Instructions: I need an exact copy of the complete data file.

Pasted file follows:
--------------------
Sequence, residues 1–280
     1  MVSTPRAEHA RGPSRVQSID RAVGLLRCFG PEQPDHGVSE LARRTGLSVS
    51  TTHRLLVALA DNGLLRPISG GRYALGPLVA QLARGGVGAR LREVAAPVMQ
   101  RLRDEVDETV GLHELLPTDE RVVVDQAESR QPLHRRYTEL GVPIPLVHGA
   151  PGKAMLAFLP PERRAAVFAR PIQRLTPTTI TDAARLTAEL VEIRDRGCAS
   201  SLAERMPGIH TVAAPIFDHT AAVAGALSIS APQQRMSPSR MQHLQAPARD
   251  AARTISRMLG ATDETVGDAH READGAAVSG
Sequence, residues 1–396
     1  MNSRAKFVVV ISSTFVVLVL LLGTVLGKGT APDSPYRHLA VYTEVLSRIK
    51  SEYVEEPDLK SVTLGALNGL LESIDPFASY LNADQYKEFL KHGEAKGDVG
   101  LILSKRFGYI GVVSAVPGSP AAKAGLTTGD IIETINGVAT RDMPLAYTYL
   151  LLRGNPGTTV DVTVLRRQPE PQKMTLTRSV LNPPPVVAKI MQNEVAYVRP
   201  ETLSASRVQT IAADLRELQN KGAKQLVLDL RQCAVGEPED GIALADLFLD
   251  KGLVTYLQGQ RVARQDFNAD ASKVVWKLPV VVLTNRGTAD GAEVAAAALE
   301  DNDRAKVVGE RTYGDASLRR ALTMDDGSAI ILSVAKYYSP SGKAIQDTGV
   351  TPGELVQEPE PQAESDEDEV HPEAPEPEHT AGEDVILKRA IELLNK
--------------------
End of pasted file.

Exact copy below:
Sequence, residues 1–280
     1  MVSTPRAEHA RGPSRVQSID RAVGLLRCFG PEQPDHGVSE LARRTGLSVS
    51  TTHRLLVALA DNGLLRPISG GRYALGPLVA QLARGGVGAR LREVAAPVMQ
   101  RLRDEVDETV GLHELLPTDE RVVVDQAESR QPLHRRYTEL GVPIPLVHGA
   151  PGKAMLAFLP PERRAAVFAR PIQRLTPTTI TDAARLTAEL VEIRDRGCAS
   201  SLAERMPGIH TVAAPIFDHT AAVAGALSIS APQQRMSPSR MQHLQAPARD
   251  AARTISRMLG ATDETVGDAH READGAAVSG
Sequence, residues 1–396
     1  MNSRAKFVVV ISSTFVVLVL LLGTVLGKGT APDSPYRHLA VYTEVLSRIK
    51  SEYVEEPDLK SVTLGALNGL LESIDPFASY LNADQYKEFL KHGEAKGDVG
   101  LILSKRFGYI GVVSAVPGSP AAKAGLTTGD IIETINGVAT RDMPLAYTYL
   151  LLRGNPGTTV DVTVLRRQPE PQKMTLTRSV LNPPPVVAKI MQNEVAYVRP
   201  ETLSASRVQT IAADLRELQN KGAKQLVLDL RQCAVGEPED GIALADLFLD
   251  KGLVTYLQGQ RVARQDFNAD ASKVVWKLPV VVLTNRGTAD GAEVAAAALE
   301  DNDRAKVVGE RTYGDASLRR ALTMDDGSAI ILSVAKYYSP SGKAIQDTGV
   351  TPGELVQEPE PQAESDEDEV HPEAPEPEHT AGEDVILKRA IELLNK